Venice faces another episode of high water, with an expected peak of 105 centimeters around 11:20 am.
In response, the Mose defense system has been activated only at the entrance to the lagoon at Lido, while barriers remain down at Malamocco and Chioggia, as the event is not considered exceptional.
High water in Venice: the situation in recent days
This partial activation has offered only limited protection in Venice, where the current water level stands at 92 centimeters, measured by the tide gauge at Punta della Salute.
In the open sea, on the other hand, the water level has already exceeded 110 centimeters, reaching a maximum of 117 centimeters outside the southern Lido seawall, which is particularly affected by undertow in the presence of sirocco winds.
However, due to the partial activation of the Mose, Venice is unable to completely prevent the lagoon from rising, resulting in flooding in some areas of the historic center, such as San Marco, with water levels rising by about ten centimeters.
The consequences of high water in Venice
The consequences of high water in Venice go far beyond the temporary flooding of streets and squares. These increasingly frequent events highlight the challenges facing the lagoon city in terms of sustainability and climate change.
High water is a problem that affects not only residents, but also the tourism industry, which plays a vital role in the local economy.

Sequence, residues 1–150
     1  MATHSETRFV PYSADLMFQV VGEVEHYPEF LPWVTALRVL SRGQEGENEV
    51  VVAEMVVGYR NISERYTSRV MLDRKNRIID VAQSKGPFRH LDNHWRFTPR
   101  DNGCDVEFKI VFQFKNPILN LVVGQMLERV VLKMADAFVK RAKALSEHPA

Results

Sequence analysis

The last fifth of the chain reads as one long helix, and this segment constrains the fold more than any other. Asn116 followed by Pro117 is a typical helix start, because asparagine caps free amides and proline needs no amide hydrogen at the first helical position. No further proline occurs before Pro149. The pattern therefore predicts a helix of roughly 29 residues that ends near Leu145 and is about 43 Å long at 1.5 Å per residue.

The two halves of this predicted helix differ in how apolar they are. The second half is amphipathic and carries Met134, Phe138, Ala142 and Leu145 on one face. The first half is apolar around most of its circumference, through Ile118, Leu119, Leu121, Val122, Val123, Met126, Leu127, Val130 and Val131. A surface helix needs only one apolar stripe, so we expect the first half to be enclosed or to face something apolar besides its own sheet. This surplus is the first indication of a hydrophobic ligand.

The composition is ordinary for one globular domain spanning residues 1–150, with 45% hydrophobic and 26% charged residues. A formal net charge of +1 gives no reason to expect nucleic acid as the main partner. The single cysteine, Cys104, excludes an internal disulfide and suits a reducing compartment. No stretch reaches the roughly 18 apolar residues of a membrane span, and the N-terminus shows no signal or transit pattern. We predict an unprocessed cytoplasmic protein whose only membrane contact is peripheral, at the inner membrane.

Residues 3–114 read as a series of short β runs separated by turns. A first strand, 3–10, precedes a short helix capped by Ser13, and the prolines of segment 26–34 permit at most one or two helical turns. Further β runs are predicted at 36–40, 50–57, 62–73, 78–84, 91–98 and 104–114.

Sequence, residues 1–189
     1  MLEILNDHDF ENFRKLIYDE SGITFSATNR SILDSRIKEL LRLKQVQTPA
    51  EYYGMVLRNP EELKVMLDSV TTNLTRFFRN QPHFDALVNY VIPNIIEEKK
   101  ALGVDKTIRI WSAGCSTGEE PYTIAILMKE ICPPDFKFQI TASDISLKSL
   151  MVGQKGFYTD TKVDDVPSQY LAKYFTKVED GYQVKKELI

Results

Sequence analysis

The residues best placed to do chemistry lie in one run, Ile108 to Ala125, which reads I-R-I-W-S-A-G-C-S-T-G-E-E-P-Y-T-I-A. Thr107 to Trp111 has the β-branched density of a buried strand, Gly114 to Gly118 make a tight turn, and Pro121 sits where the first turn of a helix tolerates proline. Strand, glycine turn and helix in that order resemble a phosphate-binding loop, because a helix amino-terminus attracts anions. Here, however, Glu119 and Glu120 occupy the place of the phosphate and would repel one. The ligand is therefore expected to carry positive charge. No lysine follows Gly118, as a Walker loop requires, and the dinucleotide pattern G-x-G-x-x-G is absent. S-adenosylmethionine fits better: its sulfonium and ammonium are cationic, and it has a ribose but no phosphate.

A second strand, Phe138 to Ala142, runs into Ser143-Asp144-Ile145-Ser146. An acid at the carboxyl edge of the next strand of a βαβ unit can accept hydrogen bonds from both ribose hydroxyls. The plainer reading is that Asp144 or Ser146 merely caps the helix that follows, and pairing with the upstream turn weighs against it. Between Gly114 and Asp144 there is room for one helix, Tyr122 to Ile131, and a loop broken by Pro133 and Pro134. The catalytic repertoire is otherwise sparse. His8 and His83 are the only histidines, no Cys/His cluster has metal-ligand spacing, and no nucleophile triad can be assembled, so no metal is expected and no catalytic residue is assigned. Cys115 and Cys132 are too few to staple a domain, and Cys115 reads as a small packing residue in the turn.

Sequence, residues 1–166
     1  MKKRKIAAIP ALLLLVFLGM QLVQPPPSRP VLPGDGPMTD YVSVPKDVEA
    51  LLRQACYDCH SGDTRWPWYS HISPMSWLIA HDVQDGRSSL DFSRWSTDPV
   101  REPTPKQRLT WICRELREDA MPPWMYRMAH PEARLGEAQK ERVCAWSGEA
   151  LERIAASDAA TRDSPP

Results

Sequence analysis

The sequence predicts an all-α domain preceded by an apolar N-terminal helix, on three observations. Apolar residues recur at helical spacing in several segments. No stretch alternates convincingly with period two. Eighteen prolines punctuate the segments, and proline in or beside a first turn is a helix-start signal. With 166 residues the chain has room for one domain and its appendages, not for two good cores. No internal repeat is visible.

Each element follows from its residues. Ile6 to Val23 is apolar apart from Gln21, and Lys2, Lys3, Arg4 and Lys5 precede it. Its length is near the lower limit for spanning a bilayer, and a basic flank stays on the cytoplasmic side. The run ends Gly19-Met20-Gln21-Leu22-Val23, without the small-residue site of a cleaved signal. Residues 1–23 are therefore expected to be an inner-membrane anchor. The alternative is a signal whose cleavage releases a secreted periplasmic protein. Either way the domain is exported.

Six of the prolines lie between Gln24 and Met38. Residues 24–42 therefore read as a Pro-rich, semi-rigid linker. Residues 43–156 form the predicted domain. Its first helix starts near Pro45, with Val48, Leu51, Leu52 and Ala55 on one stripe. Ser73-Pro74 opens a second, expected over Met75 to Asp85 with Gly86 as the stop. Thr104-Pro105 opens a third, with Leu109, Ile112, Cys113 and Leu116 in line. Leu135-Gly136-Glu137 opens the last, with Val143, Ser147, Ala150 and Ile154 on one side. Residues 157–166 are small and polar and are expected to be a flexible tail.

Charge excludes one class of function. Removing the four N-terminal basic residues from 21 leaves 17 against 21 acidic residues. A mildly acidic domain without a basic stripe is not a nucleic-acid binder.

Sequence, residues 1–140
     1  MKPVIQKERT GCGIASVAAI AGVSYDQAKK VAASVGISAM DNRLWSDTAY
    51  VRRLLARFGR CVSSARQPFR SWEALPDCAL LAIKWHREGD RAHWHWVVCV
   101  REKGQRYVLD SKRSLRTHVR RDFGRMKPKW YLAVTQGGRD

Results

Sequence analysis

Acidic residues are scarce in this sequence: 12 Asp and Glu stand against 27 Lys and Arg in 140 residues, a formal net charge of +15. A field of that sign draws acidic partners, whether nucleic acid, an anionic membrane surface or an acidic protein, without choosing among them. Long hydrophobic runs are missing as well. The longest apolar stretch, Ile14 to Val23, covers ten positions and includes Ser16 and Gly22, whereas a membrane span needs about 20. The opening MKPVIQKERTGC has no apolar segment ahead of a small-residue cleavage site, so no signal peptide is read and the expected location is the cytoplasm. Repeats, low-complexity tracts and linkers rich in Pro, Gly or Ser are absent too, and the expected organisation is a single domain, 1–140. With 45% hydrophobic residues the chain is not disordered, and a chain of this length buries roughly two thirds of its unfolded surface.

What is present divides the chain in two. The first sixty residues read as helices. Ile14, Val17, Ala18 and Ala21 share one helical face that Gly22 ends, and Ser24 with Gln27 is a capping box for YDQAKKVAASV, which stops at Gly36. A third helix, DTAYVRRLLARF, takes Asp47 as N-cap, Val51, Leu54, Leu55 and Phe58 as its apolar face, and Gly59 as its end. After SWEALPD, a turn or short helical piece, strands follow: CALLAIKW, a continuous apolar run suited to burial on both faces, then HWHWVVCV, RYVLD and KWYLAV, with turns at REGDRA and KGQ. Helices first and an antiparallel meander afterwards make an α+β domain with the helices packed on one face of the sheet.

Venice's image as a world-class tourist destination can be damaged by the effects of high water, which can make access to major attractions difficult and negatively affect the visitor experience.
Long-term solutions to deal with high water in Venice must go beyond activating the Mose. Adaptation and mitigation measures to protect the city from the effects of climate change are essential.
This includes raising the city's ground level, restoring hydraulic structures and promoting sustainable technologies.
In addition, greater public awareness and participation is needed to address the issue of high water. Collaboration between the Italian government, local authorities, and the community is essential to develop and implement effective strategies.
Venice, with its unique history and beauty, deserves to be preserved for future generations. Managing high water is a crucial challenge that requires ongoing efforts and a holistic approach to ensure that Venice can thrive despite threatening waters.